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UI IN THE NATIONAL NEWS

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Please note: Internet access to the full text of articles summarized below may require on-line subscriptions to the publication in some instances.

1. HENDRIX SAYS STEM CELL STUDY IS PROMISING (New York Times, April 10)

A team of scientists says it has grown everything from human muscle to bone from stem cells taken from fat -- a breakthrough that could eliminate the controversial use of fetal cells in the quest to mend damaged, missing or dead tissue. Researchers at the University of California at Los Angeles and the University of Pittsburgh isolated the stem cells -- immature cells that can be coaxed into maturing into specific types of tissue -- from ordinary fat removed by liposuction. They then grew the cells into bone, cartilage, muscle and fat. Dr. MARY HENDRIX, head of the department of anatomy and cell biology at the University of Iowa, said the study adds to the growing evidence that adult stem cells can be as easily manipulated as embryonic cells. "This is a very exciting discovery, because it's adding to our knowledge base of the potential of adult cells to provide a stem cell population," said Hendrix, who was not involved with the research.

http://www.nytimes.com/aponline/health/AP-Fat-Stem-Cells.html?searchpv=aponline

The same Associated Press article ran April 10 on the LOS ANGELES TIMES Web site.

http://www.latimes.com/health/men/menswire/20010410/tCB00V9252.html

The same Associated Press article ran April 10 on the WALL STREET JOURNAL Web site.

http://interactive.wsj.com/archive/retrieve.cgi?id=SB986949485368083881.djm

The same Associated Press article ran April 10 on the SAN FRANCISCO CHRONICLE Web site.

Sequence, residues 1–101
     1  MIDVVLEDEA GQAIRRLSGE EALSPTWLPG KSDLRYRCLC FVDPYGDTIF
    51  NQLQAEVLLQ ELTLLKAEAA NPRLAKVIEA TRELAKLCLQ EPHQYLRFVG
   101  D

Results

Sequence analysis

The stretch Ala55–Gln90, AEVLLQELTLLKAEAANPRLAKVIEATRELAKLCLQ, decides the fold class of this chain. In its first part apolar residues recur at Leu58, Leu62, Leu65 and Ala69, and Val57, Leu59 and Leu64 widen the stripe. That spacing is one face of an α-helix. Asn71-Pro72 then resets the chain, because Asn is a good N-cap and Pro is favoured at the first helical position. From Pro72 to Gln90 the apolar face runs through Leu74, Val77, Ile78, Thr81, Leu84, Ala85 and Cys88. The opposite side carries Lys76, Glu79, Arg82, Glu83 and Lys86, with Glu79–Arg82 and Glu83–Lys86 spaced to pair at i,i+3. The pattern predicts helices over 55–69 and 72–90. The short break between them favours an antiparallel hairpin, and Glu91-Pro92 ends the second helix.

http://www.sfgate.com/cgi-bin/article.cgi?file=/news/archive/2001/04/10/national1330EDT0604.DTL

The same Associated Press article ran April 10 on the YAHOO! NEWS Web site.

http://dailynews.yahoo.com/h/ap/20010410/hl/fat_stem_cells_2.html

The same Associated Press article ran April 10 on the EXCITE NEWS Web page.

http://news.excite.com:80/news/ap/010410/13/fat-stem-cells

The same Associated Press article ran April 10 on the WASHINGTON POST Web page.

http://www.washingtonpost.com/wp-srv/aponline/20010410/aponline133102_001.htm

The same Associated Press article ran April 10 on the MINNEAPOLIS STAR TRIBUNE Web site.

http://webserv0.startribune.com:80/stOnLine/cgi-bin/article?thisSlug=0410AP-FAT-STEM-CELL&date=10-Apr-2001&word=iowa&word=university&word=of

2. VAN ALLEN PAPER SUPPORTS SOLAR STUDY (USA Today, April 10)

Increasing evidence suggests that the direction of the sun's magnetic field appears to affect how cosmic rays penetrate our solar system, scientists say. They found that at the start of 11-year solar cycles, when the sun's magnetic pole points northward, cosmic rays decrease as sunspots increase. But, when the sun's magnetic pole faces south, the cosmic ray and sunspot variations occur nearly in sync. A paper published last August in Geophysical Research Letters by JAMES VAN ALLEN of the University of Iowa appears to support the finding. It found similar alignments of cosmic rays and so-called coronal mass ejections from the sun, powerful eruptions of the material that makes stars that increase alongside sunspots during the solar cycle. Van Allen is the famed discoverer of the radiation belts, high above Earth, that protect our planet from the worst effects of such blasts, in much the same way as the heliosphere screens cosmic rays.

http://www.usatoday.com:80/usatonline/20010410/3218898s.htm